First of all, this is NOT about portability between CPU and GPU or between ATI and nVidia. This is ONLY about portability between different CUDA versions and different nVidia architectures.
My CUDA-based code runs on GTX200 architecture. I would like to run the same source code (but possibly a different executable) on Fermi.
I would also like the same source code to compile on both CUDA 2.x and CUDA 3.x, at least for the time being.
I have a few questions:
Do I need to compile the code with different flags, so that it utilizes Fermi more efficiently? I don’t need any Fermi features, that are not available on GTX200. I don’t need double precision. Of course, I’d prefer to have the same build flags for both GTX200 and Fermi, unless performance is worse on Fermi under generic flags.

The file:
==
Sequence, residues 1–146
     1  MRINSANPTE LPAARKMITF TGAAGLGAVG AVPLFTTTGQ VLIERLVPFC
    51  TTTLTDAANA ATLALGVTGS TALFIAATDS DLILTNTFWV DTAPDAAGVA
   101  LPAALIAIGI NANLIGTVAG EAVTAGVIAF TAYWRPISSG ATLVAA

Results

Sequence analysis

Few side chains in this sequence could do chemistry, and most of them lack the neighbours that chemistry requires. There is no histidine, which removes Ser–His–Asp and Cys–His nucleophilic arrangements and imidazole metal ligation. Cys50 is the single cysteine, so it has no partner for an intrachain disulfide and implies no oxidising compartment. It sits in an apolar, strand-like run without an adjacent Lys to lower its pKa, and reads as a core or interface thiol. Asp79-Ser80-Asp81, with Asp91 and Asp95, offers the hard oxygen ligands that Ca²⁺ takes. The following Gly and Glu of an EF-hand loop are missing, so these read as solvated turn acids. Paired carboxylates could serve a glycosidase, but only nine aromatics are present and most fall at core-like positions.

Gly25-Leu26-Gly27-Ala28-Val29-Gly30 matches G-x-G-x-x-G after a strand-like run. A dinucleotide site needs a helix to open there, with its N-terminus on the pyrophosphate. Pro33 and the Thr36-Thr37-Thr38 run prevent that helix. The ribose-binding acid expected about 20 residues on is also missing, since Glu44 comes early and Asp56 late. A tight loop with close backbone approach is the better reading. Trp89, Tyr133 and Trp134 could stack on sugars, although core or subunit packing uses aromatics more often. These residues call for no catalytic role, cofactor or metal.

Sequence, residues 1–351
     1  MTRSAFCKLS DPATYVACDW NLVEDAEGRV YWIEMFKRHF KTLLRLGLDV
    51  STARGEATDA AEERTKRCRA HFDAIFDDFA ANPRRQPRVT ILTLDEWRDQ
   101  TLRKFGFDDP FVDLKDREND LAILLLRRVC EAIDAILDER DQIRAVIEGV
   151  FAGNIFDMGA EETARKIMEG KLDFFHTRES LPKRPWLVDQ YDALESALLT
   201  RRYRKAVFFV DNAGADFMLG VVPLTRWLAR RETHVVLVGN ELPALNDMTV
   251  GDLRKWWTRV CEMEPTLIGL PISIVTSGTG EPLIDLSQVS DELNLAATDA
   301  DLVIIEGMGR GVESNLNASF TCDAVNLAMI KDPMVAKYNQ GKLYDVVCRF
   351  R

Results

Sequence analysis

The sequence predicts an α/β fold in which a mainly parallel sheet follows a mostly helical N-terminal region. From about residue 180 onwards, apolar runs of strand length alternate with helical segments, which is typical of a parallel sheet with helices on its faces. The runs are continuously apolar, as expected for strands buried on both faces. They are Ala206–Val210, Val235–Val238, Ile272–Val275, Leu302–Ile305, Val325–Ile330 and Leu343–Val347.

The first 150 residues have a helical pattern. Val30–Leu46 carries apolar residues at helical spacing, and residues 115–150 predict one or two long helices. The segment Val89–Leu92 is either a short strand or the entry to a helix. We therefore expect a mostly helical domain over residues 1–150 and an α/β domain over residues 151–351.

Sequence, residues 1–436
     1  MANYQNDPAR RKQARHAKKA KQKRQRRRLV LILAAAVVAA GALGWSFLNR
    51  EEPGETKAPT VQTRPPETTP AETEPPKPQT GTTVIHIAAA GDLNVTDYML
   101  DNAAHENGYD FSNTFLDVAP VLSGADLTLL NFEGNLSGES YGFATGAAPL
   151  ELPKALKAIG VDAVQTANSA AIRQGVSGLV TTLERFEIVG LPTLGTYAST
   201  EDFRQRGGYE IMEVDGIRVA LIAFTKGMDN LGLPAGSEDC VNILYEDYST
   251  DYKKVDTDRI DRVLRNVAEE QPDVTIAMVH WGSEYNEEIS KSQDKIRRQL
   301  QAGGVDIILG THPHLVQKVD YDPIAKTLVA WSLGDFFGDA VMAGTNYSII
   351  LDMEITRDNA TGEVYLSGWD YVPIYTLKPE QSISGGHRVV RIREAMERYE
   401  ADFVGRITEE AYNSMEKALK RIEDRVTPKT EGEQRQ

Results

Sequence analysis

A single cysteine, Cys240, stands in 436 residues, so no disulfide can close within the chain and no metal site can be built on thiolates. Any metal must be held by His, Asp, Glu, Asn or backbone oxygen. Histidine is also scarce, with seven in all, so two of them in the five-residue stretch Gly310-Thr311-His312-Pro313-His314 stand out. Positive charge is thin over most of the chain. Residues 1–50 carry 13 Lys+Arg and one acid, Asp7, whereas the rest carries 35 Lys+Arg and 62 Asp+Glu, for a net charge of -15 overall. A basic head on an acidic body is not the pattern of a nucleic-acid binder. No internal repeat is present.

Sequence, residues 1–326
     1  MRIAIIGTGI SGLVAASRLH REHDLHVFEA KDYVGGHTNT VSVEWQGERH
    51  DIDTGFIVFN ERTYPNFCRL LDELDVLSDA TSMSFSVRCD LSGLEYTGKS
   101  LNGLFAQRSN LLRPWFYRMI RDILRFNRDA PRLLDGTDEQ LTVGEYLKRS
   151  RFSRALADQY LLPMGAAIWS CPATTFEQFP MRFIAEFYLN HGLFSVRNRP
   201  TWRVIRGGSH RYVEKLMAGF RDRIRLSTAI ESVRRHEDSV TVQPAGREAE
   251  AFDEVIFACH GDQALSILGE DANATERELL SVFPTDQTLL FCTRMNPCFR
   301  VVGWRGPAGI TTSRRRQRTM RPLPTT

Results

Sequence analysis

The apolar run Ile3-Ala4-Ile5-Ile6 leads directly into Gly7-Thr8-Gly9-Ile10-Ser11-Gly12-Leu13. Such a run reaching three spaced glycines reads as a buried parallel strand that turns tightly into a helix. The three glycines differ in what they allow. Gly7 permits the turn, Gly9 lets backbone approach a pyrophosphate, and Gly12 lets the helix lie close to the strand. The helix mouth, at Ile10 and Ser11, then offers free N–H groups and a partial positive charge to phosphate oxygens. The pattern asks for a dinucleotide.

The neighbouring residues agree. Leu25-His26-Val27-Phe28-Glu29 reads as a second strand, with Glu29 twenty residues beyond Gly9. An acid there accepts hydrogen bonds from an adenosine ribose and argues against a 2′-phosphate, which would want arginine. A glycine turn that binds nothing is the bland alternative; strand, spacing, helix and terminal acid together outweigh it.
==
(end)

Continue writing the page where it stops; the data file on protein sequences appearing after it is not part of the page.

I would like to configure the device to offer more shared memory at the expense of cache. I found function cudaThreadSetCacheConfig in CUDA 3.2 that seems relevant to my task. As far as I understand, that function is not available in earlier versions of CUDA.
Since cudaThreadSetCacheConfig(…) is not in CUDA 2.x, and I need to compile within that framework, I imagine adding something like
#if CUDA_VERISON > 3.0
to the initialization section of my code, e.g. where I invoke cudaSetDeviceFlags(cudaDeviceBlockingSync) [BTW, does the order of these two invocations matter?]
What macro should I use to determine that CUDA version is above 3.0?
Is the call to cudaThreadSetCacheConfig valid on pre-Fermi architectures in CUDA 3.x environments? Should I test for the device properties before this call?
The doc for cudaThreadSetCacheConfig states that the GPU does not guarantee that the requested shared memory/cache policy is honored, even on Fermi. Is there a stricter function, that actually guarantees that the device’s shared/cache memory is utilized the way I want, or returns an error?